Disinfecting robots to fight coronavirus run into travel bans

After winning the "Oscars of robotics" last year, the company is hoping its bots can help fight infections in hospitals.

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Medical professionals in China may soon deploy a new tool in the fight against coronavirus: disinfecting robots. The robots could help reduce the risk of hospital-acquired infections of the aggressive virus, which has sparked global fears and sweeping international travel restrictions.

A Danish company called UVD Robots has developed a disinfection robot emitting UVD light that can kill coronavirus. The robot drives around autonomously in a hospital (or other places where the virus could potentially be spreading), emitting UVD light with a germicidal effect that breaks down the virus' DNA. The technology has already proven effective on the SARS and MERS virus, which bear similarities to corona. 

UVD Robots is a portfolio company of Blue Ocean Robotics. Last year it won the Innovation and Entrepreneurship Award in Robotics and Automation (IERA), also known as "the Oscars of robotics," for its autonomous disinfecting technology. 

"The UV disinfection robot by Blue Ocean Robotics shows that robotics has a limitless potential of being applied in new environments," said Arturo Baroncelli at the time, former President of the International Federation of Robotics which co-sponsors the IERA award. "The combination of 'classical' mechatronic disciplines - typical of robotics – with the know-how of medicine and pharmacy is fantastic evidence of this path of progress. The IFR is happy to recognise and support this virtual trend."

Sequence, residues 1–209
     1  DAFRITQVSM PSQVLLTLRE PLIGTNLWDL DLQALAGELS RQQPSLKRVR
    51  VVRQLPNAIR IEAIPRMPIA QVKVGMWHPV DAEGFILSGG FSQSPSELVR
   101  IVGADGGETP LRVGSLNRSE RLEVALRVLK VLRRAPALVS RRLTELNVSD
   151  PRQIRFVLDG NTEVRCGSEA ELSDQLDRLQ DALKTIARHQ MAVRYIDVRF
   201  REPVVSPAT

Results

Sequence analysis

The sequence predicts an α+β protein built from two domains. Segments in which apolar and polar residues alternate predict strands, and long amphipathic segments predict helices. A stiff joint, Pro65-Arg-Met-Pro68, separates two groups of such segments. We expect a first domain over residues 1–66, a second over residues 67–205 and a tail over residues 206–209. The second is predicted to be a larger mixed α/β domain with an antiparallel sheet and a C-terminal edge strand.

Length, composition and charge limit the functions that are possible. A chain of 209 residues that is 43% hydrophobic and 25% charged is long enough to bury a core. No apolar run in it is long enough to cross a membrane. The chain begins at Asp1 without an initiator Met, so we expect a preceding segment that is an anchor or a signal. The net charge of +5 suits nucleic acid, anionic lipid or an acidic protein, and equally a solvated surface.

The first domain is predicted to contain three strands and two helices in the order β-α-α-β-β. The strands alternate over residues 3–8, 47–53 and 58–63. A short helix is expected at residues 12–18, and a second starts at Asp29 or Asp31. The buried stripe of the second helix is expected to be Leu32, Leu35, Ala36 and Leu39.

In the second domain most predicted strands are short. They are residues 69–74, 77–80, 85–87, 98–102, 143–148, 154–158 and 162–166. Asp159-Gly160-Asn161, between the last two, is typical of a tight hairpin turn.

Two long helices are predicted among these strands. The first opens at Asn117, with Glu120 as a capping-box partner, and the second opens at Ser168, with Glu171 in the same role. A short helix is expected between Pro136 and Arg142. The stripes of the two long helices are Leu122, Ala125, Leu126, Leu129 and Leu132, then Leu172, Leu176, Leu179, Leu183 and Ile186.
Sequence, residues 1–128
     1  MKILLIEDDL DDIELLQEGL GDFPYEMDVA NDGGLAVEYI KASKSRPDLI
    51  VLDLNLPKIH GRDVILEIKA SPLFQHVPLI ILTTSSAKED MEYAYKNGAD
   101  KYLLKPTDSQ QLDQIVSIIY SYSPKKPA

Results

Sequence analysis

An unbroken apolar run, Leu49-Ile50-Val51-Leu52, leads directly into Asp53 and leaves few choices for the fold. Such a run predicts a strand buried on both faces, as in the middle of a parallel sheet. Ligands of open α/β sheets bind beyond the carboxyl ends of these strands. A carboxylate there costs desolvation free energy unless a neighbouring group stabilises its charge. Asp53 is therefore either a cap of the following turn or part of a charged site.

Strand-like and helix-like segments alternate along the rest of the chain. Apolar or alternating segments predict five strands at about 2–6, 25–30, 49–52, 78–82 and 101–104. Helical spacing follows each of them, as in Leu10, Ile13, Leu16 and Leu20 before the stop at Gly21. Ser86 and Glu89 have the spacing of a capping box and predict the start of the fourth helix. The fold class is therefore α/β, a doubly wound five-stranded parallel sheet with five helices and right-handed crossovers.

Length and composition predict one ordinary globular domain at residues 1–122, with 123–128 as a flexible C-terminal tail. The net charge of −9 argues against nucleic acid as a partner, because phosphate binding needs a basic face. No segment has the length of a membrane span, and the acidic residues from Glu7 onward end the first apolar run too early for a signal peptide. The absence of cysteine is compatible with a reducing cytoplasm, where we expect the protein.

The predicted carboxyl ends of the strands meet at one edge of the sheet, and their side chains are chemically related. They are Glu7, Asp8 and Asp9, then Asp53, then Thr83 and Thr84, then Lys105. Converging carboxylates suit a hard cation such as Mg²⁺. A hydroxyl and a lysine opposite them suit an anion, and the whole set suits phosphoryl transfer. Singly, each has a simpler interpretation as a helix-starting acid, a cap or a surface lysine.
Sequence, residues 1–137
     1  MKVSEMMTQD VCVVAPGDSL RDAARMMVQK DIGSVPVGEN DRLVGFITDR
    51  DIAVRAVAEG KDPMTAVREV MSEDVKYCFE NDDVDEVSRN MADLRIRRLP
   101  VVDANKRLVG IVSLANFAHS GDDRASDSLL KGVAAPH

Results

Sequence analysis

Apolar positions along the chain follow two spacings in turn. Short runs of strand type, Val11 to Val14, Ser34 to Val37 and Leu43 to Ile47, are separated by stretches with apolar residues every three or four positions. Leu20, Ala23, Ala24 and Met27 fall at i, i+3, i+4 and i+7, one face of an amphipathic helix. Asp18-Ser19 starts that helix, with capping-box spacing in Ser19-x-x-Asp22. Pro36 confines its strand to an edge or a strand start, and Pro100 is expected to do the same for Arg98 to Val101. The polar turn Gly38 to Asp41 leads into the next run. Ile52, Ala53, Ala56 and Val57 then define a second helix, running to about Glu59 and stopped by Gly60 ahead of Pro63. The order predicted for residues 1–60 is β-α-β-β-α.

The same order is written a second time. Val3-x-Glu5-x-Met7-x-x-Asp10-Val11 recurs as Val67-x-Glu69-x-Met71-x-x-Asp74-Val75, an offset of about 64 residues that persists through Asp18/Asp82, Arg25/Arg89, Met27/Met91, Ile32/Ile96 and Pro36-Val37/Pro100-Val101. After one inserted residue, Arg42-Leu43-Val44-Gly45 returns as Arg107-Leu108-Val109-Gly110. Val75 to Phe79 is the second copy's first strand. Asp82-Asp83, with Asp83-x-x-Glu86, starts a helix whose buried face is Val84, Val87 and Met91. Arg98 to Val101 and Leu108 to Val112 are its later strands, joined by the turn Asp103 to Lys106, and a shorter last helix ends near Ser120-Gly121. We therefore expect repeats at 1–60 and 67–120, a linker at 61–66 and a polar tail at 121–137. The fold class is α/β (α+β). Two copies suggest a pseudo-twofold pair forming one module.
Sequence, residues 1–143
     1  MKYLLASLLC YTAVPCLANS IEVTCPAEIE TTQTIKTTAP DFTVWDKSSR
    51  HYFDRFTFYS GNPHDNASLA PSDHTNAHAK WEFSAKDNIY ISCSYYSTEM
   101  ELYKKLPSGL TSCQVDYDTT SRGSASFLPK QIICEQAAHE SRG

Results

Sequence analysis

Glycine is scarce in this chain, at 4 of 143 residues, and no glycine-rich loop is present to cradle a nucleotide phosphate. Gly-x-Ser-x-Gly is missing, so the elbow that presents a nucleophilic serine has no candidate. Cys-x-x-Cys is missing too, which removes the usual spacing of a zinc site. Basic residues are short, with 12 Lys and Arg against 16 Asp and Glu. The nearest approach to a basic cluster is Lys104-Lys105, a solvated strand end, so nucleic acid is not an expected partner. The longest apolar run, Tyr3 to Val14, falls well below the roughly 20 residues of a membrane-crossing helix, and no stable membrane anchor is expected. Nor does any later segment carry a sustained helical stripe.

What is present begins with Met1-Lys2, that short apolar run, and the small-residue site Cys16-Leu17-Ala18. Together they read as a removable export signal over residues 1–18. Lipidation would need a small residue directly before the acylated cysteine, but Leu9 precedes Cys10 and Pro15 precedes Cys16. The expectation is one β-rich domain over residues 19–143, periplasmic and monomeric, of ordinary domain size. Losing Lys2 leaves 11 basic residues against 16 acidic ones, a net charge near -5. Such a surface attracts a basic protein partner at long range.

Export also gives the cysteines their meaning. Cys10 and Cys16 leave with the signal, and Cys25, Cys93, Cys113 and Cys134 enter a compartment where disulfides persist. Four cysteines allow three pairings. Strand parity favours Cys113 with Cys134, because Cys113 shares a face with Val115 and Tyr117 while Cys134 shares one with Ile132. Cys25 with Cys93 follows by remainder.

Hospital-acquired infections (HAI) pose significant risk to patients as well as medical personnel, which was underscored by the infection-related death of Li Wenliang, a Chinese doctor who tried to raise the alarm about coronavirus in Wuhan. 

In addition to being dangerous, HAI are costly. In the EU, the economic impact totals 7 billion euros. The source of infections can be other patients or staff and even equipment or the hospital environment. That's where the robot comes in. The UVD Robot navigates autonomously and treats surfaces in a hospital ward with light from several angles, killing up to 99.99% of bacteria as well as a number of common viruses. 

A spokesperson tells me UVD Robots has received "significant interest from China, especially from hospitals in Wuhan, and expects to be able to sell the first UVD robots this week." But travel bans have made delivering critical supplies and technology challenging. 

We'll update this article as delivery schedules become clearer.